European refiners too began winding down Iranian oil purchases upon the sanctions announcement, but EU governments are pushing back. They hope to neutralize the effects of US sanctions via a “blocking statute” intended to shield businesses working in Iran from US actions. In a show of defiance, European Commission president Jean-Claude Juncker remarked that “It is the duty of the EU… to protect European business and that applies particularly to smaller and medium-size businesses.” The statute entered into force on August 7, but its effectiveness remains unclear, considering that Brussels continues to negotiate exemptions for SMEs operating in Iran.
The EU’s staunch resistance to Washington is not based just on principle, but on economic necessity. Indeed, Europe is facing a double onslaught by the end of the year: not only are Iran sanctions coming into effect in November; in late October, biting sanctions on Russian aluminium giant Rusal will go live. The world’s second biggest producer, Rusal supplies 20% of the Union’s consumption of the metal. As such, member states could be exposed to the twin shocks of oil and aluminium shortages – a gale-force headwind on economic indicators.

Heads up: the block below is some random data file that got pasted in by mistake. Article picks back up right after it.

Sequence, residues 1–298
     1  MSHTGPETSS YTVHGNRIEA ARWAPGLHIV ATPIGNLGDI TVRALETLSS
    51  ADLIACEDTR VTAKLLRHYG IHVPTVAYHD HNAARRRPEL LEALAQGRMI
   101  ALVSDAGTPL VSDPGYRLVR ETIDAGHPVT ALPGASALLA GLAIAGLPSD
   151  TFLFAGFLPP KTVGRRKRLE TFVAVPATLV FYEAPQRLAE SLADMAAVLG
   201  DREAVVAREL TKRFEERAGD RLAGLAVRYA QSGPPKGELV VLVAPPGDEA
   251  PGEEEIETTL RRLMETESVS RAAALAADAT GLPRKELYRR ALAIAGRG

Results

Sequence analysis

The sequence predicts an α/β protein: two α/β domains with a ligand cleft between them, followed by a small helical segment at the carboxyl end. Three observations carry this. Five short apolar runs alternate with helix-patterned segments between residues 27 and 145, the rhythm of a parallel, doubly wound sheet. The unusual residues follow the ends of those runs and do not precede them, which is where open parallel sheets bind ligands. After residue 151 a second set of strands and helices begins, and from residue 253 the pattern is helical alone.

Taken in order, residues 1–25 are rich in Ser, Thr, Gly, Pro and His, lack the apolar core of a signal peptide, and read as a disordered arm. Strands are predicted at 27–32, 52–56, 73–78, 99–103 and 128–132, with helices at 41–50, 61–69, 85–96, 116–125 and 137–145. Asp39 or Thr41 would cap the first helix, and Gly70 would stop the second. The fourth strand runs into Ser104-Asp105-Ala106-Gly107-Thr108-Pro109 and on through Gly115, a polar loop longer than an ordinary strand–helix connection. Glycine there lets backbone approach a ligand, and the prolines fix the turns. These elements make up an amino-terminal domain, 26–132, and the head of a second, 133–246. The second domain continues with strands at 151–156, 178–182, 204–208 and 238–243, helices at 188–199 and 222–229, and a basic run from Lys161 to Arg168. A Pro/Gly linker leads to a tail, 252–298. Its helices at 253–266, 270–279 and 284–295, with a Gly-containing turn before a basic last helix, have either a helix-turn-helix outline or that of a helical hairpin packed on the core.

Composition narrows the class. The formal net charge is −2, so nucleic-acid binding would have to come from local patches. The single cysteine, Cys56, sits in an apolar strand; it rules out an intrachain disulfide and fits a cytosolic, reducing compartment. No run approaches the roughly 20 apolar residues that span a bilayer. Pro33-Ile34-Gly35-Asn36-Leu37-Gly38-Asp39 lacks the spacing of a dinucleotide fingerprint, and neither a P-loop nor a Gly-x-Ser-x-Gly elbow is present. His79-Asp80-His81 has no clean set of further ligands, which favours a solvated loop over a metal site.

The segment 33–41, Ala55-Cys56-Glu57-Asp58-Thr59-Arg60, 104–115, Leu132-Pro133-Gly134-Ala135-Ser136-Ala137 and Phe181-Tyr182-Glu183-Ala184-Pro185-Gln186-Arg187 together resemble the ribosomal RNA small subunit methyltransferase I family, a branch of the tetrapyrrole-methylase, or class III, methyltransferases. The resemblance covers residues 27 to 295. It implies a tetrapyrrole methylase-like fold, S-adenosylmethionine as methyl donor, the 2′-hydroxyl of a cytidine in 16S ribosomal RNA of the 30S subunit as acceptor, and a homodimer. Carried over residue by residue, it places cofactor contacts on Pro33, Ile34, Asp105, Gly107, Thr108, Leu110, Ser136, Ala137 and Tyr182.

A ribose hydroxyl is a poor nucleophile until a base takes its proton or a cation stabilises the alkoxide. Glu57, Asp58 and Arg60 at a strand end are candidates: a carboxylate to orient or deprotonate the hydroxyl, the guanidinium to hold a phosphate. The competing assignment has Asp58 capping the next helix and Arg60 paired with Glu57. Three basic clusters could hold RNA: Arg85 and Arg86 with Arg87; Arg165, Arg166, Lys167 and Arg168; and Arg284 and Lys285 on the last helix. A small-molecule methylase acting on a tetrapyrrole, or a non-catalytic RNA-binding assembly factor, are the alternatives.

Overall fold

Much like in the case of the Iran sanctions, America’s blacklisting of Rusal in April was done without consulting allies. Global aluminium and bauxite supply chains were immediately thrown into unprecedented chaos, raising costs for both EU and US consumers. Metal prices soared as aluminium traders on both sides of the Atlantic scrambled to find other suppliers. However, replacing Rusal’s input proved to be expensive, with consumers left holding the bag. One trader remarked that it was forced to accept 20% higher prices – which will affect consumers and end-users alike.
Still, WirtschaftsVereinigung Metalle, representing 655 metals companies, warns aluminium plants might have to shut down, causing supply shortages to major downstream industries. The automotive sector, with its numerous specialized SMEs providing parts to global companies like Daimler AG and Volkswagen, accounts for 13 percent of European jobs alone. In Germany, they even provide as much as 60 percent. Were aluminum shortages to become a reality, the market would plunge into “complete shock” that together with surging oil prices will have catastrophic consequences on employment levels.
Washington’s foreign policy is clearly increasingly at odds with Europe’s core interests: oil and aluminium are crucial to keeping the economic engines running. Donald Trump’s flurry of sanctions should be seen for what they are: an existential threat to the EU and to the countless firms that hold up the struggling Eurozone. One can only hope the Europeans will not waver in their determination to stand up to the White House.
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Author: Tyler Durden